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Chavez considering arming one million people


__Kratos__
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Venezuelan President Hugo Chavez said Saturday that he was considering the purchase of enough rifles to arm one million Venezuelans ready to repel a possible U.S. invasion.

During a speech warning his supporters that Washington was considering an invasion of Venezuela, Chavez said that 100,000 Russian-built Kalashnikov assault rifles would not be enough to defend the country.

"We still need a higher number of rifles. The 100,000 Russian rifles are not enough, Venezuela needs to have one million well-equipped and well-armed men and women," he said.

"I've started making contacts with some countries" that would be able to supply the rifles, Chavez told the crowd of supporters to a rousing applause.

Tensions between Washington and Caracas have been tense in recent months in part due to U.S. criticism of Venezuela's purchases of military equipment, including 100,000 Russian-made assault rifles.

During Saturday's speech, Chavez extended his war of words with Washington, comparing U.S. President George W. Bush to Nazi leader Adolf Hitler while commemorating a failed 1992 coup he led as a lieutenant colonel.

"If any president in this world is similar, including physically, to Adolf Hitler it is Mr. Danger," said Chavez, prompting cheers from his supporters following a march through Caracas.

"The imperialist, mass murdering, fascist attitude of the president of the United States doesn't have limits. I think Hitler could be a nursery baby next to George W. Bush," Chavez added.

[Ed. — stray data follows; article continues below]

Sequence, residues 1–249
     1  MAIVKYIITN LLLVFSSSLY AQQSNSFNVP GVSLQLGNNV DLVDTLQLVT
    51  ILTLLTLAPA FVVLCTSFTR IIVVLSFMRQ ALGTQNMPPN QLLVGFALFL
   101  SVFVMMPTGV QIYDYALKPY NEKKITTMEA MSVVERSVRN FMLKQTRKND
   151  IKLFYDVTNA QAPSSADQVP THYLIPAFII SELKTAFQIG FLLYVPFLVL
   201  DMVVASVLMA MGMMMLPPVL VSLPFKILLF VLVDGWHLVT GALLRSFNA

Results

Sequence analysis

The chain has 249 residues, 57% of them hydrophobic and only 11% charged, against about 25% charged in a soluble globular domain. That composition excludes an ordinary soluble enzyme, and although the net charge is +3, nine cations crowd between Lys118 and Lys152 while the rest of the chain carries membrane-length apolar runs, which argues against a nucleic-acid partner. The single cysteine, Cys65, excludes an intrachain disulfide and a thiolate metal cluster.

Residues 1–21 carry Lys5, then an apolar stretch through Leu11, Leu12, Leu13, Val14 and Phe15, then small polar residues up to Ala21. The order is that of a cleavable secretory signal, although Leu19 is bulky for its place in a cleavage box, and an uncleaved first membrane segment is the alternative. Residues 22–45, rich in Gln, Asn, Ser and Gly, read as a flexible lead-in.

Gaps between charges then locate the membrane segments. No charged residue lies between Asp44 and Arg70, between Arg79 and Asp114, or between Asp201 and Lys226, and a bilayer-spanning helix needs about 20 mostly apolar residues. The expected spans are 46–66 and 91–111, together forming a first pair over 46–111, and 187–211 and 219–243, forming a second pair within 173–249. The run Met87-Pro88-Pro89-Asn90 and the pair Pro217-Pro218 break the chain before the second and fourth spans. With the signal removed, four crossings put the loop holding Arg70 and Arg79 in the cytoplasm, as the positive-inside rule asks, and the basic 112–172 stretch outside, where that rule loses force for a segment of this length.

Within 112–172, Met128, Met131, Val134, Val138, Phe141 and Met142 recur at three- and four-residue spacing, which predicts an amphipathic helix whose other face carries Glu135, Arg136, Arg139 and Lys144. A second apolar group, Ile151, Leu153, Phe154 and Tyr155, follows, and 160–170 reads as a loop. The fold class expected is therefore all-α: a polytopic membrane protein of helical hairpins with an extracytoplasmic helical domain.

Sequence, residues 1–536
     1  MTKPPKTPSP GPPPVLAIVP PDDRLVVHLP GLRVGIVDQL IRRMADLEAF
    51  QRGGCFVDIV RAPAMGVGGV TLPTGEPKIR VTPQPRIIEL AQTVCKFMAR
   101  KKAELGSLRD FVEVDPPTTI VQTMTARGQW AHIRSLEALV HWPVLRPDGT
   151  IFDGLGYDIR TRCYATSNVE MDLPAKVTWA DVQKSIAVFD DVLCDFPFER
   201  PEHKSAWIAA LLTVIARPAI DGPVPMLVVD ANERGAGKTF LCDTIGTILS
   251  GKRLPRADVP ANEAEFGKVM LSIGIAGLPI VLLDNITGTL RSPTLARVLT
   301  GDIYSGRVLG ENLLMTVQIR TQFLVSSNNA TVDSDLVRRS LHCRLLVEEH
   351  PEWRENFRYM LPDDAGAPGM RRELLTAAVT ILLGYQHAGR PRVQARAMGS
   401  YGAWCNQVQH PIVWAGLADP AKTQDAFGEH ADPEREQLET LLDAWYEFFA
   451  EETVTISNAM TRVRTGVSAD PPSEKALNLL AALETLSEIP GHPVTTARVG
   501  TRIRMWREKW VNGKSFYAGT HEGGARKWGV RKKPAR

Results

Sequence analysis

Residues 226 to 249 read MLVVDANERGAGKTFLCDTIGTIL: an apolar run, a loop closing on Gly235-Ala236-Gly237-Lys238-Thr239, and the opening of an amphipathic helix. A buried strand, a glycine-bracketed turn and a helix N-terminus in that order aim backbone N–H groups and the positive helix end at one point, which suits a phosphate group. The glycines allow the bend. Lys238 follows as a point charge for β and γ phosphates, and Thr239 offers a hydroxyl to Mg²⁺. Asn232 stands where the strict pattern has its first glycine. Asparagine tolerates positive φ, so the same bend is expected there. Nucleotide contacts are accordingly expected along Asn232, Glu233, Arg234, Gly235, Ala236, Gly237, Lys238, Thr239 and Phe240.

The Venezuelan leader's statements came amid one of the worst diplomatic spats between Caracas and Washington in recent years.

They came in response to comments made on Thursday by U.S. Defense Secretary Donald H. Rumsfeld, who compared Chavez to Hitler and warned darkly about populist leadership in Bolivia and Cuba.

Earlier Saturday, tens of thousands of Chavez supporters wearing replicas of the president's trademark beret marched through the Venezuelan capital shouting "Yankee Imperialism, No! Revolution, Yes!"

"Chavistas," as the president's backers are known, accused the United States of conspiring to overthrow Chavez, saying U.S. spies have attempted to stir discontent within the military in hopes of ousting him.

"The gringos are trying to infiltrate Venezuela's armed forces, but Chavez is here to stay," said Vladimir Enriquez, a 44-year-old mechanic.

Enriquez, and others who joined the sea of government supporters, criticized Washington for ordering a Venezuelan diplomat to leave the country in what the State Department said Friday was retaliation for the expulsion of a U.S. naval officer from Caracas a day earlier.

Venezuela expelled U.S. naval attache John Correa for allegedly passing secret information from Venezuelan military officers to the Pentagon.

Vice President Jose Vicente Rangel said Saturday that Chavez "would soon present conclusive and irrefutable proof of the naval commander's conspiratorial activities."

"We aren't going to present them to (U.S. Ambassador William) Brownfield, we are going to present them to the Venezuelan people," he said.

On the other side of Caracas, thousands of opposition sympathizers marched to protest what they perceive as increasing authoritarianism under Chavez and strongly condemned the bloody coup attempt he led as a lieutenant colonel 14 years ago.

More than 80 civilians and 17 soldiers were killed on February 4, 1992, before troops loyal to then-President Carlos Andres Perez quelled the short-lived putsch. Chavez has celebrated the rebellion's anniversary every year since he took office in 1999.

Chavez supporters remember the failed coup as a violent but justified attempt to replace a corrupt government.